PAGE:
To the author of this vociferous but ill-supported right wing screed, membership in the elite is not an objective position of wealth, power or influence. It is, instead, a""general outlook""--one, Ingraham says, that sneers at religion, morality, patriotism, President Bush, guns, suburbs, SUVs, tax cuts and everything else that""We the People"" hold dear. Ingraham goes on to apply anti-elitist invective with a broad brush. Most abused of these""elites"" are anti-war protesters (""moral morons""), academics (""snotty, sanctimonious dolts""), secularists (""recoil like vampires at the sight of a cross""), internationalists (""want to murder America""), the French (""perfidious"") and entertainers (""shut up and sing""). She also takes swipes at""business elites"" who move offshore to evade taxes, stock market scams, media consolidation, and the Wall Street Journal's pro-immigration stance. But her anti-elitism boils down to haphazard political bias: Hollywood liberals like Susan Sarandon are in the elite, while Hollywood conservatives like Arnold Schwarzenegger aren't; more murkily, while the Democratic Party is the elite's""natural home,"" lefty Ralph Nader is not in the elite and Republican stalwart John McCain is. Ingraham's tone of class resentment (""they think we're stupid"" is a refrain) relies on the old demagogue's trick of conflating disagreement with her brand of conservative, nativist populism with snobbish contempt for the silent majority. Ingraham (The Hillary Trap) has legions of fans, but as she consigns more and more people--Democrats, moderate Republicans, libertarians, pro-choicers--to the""elite"" camp, the voice of this self-identified everywoman starts to sound rather lonely.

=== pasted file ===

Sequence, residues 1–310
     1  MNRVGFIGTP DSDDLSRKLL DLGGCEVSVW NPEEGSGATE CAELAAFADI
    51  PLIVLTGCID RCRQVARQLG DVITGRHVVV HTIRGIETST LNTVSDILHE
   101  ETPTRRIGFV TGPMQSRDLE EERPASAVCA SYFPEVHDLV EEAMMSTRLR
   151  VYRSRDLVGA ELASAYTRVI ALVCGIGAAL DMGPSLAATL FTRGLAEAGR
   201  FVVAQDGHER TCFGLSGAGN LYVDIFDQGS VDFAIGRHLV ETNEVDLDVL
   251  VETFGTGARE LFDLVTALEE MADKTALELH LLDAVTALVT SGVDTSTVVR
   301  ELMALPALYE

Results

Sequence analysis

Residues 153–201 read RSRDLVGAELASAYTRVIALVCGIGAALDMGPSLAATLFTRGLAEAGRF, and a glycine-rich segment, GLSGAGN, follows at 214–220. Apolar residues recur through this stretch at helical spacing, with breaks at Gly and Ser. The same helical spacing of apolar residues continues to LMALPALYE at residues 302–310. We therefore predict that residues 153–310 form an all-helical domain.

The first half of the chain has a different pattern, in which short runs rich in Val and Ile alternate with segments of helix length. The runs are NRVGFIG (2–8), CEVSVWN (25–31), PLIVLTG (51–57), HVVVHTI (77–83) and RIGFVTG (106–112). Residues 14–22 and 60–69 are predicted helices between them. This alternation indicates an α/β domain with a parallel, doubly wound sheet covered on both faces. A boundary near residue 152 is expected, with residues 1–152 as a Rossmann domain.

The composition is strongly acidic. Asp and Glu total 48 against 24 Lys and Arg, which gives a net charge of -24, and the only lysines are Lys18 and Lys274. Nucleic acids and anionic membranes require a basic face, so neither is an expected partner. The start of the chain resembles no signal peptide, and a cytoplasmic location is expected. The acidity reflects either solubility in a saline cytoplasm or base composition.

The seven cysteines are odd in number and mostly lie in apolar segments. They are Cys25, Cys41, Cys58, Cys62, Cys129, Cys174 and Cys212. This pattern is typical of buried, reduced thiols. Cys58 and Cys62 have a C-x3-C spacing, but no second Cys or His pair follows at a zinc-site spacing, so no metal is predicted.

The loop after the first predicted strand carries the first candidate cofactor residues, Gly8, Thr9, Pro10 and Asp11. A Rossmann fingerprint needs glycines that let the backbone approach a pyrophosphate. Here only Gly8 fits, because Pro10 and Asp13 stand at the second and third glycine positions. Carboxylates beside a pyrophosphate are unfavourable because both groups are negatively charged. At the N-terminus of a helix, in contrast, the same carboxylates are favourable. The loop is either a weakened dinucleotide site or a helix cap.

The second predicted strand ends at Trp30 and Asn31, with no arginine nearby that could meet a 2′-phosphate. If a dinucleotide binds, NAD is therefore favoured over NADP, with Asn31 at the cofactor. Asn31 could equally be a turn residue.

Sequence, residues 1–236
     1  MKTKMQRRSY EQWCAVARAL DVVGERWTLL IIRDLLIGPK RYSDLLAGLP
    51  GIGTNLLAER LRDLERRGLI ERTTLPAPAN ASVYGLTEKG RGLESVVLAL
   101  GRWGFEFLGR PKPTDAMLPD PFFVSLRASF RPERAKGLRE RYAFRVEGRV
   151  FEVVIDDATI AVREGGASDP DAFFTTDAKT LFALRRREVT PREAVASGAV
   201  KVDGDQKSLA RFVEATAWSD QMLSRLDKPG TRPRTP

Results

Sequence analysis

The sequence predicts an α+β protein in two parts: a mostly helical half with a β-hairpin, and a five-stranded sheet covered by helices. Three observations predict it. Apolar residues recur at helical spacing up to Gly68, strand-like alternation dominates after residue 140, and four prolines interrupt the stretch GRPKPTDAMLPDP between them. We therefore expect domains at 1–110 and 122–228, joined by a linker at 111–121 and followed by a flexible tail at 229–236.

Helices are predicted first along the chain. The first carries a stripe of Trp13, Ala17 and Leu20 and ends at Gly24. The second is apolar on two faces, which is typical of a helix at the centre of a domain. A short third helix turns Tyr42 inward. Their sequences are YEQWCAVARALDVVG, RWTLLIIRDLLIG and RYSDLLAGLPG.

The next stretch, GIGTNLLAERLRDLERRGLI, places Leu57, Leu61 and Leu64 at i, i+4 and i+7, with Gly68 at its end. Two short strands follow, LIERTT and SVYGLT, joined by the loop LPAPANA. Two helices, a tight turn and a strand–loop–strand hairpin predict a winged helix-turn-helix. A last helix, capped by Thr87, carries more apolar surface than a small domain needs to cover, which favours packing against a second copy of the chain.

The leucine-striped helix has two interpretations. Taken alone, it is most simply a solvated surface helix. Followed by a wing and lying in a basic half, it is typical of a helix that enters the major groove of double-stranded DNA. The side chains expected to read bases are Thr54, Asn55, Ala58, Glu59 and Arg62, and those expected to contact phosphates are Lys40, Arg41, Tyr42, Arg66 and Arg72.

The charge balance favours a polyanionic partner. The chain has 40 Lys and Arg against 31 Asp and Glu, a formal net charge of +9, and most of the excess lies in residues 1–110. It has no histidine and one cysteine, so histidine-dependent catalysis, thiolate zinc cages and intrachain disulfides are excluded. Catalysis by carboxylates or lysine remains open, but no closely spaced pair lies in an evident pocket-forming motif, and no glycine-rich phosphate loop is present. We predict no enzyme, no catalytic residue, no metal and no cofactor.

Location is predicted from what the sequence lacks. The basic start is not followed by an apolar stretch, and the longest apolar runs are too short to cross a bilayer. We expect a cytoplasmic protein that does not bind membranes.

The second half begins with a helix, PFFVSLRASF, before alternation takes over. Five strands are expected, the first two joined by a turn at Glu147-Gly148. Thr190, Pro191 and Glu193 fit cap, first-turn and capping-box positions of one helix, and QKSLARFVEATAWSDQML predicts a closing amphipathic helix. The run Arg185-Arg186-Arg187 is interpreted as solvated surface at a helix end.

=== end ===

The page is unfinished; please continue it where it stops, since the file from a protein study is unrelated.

Reviewed on: 08/18/2003 Release date: 08/01/2003 Genre: Nonfiction